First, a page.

The Woman Behind Washington DC’s Cherry Blossom TreesPlay
It's cherry blossom time in Washington, D.C. The city's love affair with the cherry trees started in the early 1900s when the Japanese government sent more than 3,000 trees as a gift to the United States to be planted along the Potomac River.
While many are familiar with the tree's pale pink flowers, few know of the American responsible for getting the trees here. Her name was Eliza Ruhamah Scidmore. She was a journalist and travel writer in the late 1800s, and after 20 years of campaigning, she finally succeeded in bringing 3,000 cherry trees from Japan to decorate the Potomac's swampy tidal basin.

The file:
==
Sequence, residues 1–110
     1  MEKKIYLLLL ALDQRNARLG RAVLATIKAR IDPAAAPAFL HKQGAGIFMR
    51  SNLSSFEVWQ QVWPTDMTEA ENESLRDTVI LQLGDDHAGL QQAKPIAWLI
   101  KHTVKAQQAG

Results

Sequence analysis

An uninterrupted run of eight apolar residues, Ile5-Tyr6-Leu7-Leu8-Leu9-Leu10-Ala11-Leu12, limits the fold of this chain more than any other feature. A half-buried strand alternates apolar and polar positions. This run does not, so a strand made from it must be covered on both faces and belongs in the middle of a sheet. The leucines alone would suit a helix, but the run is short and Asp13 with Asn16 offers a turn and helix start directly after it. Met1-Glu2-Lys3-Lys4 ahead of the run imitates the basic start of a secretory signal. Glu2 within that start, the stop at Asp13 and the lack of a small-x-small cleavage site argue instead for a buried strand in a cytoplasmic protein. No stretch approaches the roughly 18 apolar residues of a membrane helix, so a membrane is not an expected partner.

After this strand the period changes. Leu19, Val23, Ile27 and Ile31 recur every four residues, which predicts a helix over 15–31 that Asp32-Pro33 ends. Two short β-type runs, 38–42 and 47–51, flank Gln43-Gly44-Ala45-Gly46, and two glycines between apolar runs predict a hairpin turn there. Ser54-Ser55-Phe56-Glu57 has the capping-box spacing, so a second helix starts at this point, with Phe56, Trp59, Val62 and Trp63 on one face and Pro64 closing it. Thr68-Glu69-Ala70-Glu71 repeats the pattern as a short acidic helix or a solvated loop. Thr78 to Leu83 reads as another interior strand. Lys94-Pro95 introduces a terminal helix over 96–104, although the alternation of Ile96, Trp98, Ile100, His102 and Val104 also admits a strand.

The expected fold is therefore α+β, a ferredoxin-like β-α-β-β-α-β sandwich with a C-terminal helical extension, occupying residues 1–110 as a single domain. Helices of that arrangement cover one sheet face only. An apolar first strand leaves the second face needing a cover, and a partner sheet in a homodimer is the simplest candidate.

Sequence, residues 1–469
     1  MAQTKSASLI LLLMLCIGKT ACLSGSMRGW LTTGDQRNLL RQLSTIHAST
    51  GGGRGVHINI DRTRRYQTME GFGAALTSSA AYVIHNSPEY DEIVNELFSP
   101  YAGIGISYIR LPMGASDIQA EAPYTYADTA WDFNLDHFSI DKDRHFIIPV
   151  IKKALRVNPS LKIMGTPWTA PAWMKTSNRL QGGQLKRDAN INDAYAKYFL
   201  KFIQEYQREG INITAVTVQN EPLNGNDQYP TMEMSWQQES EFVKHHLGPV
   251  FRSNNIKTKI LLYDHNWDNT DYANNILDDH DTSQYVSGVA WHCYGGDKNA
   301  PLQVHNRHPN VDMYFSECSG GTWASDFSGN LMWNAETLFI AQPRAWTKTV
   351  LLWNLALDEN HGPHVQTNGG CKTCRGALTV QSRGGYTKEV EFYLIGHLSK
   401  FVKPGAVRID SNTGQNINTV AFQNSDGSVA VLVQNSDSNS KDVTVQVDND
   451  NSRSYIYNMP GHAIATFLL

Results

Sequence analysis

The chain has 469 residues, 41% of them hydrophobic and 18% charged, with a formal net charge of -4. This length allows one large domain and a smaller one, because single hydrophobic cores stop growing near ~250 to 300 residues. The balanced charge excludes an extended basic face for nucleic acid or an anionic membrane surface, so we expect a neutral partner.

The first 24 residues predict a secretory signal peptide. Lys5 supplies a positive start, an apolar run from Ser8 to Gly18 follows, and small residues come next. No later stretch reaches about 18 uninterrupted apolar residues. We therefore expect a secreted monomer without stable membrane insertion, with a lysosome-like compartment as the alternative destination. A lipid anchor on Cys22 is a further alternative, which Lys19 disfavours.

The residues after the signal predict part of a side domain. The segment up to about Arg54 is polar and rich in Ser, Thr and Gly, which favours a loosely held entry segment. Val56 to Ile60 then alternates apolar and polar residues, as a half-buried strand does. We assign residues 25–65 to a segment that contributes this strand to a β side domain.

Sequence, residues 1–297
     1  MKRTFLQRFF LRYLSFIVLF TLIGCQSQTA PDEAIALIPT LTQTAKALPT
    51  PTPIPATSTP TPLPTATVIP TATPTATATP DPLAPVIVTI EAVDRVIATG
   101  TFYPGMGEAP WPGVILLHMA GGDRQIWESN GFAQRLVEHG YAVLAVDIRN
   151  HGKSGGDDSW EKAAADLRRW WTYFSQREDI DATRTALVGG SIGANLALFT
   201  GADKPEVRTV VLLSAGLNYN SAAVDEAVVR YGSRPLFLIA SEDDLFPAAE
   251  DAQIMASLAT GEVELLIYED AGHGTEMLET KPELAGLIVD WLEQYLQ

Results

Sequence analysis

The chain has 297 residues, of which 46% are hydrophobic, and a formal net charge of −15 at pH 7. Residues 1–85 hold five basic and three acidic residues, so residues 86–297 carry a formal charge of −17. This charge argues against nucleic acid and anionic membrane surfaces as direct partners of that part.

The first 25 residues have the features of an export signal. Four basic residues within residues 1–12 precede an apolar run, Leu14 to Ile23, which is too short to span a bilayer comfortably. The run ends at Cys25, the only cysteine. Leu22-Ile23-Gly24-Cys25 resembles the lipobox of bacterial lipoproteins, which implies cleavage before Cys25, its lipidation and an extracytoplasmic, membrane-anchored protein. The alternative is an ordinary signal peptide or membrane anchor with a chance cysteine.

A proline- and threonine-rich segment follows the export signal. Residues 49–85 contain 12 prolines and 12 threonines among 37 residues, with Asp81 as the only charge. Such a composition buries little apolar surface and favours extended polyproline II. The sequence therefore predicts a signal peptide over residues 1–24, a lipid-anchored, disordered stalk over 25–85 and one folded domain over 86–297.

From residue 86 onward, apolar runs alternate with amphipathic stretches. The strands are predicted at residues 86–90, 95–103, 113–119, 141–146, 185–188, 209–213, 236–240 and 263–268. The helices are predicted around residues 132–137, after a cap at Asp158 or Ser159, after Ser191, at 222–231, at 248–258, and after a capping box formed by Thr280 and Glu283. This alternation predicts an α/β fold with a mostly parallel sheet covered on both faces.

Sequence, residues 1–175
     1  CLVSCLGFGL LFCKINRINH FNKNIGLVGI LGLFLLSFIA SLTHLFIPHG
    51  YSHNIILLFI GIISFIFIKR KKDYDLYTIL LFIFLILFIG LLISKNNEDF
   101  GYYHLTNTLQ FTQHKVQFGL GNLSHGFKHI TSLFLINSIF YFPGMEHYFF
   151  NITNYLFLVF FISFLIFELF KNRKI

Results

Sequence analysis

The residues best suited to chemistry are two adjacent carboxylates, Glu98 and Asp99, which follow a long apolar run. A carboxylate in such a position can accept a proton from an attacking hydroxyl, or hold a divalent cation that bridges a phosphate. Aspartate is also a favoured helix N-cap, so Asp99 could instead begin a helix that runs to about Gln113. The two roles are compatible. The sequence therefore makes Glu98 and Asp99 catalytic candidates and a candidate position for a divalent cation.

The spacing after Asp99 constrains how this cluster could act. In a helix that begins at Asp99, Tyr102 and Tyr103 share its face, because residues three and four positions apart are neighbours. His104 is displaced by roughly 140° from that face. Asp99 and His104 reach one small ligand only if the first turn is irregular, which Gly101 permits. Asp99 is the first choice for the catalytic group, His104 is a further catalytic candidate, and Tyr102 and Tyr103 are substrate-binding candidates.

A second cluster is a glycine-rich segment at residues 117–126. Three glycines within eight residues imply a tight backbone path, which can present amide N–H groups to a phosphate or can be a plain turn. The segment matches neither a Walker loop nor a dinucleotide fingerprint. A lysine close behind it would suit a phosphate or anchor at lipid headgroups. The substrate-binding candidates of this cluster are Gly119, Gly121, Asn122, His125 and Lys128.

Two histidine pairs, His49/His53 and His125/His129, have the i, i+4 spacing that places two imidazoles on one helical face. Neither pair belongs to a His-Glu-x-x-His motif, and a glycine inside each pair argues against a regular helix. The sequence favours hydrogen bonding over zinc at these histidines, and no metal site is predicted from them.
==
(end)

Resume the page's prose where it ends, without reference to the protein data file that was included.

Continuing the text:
We speak with Andrea Zimmerman, author of the young adult book “Eliza’s Cherry Trees.”
- National Cherry Blossom Festival: March 26-April 10, Washington, D.C.
- Amazon: "Jinrikisha Days in Japan," by Eliza Scidmore
- Amazon: "Westward to the Far East," by Eliza Scidmore
- Amazon: Java, the garden of the East
This segment aired on March 25, 2011.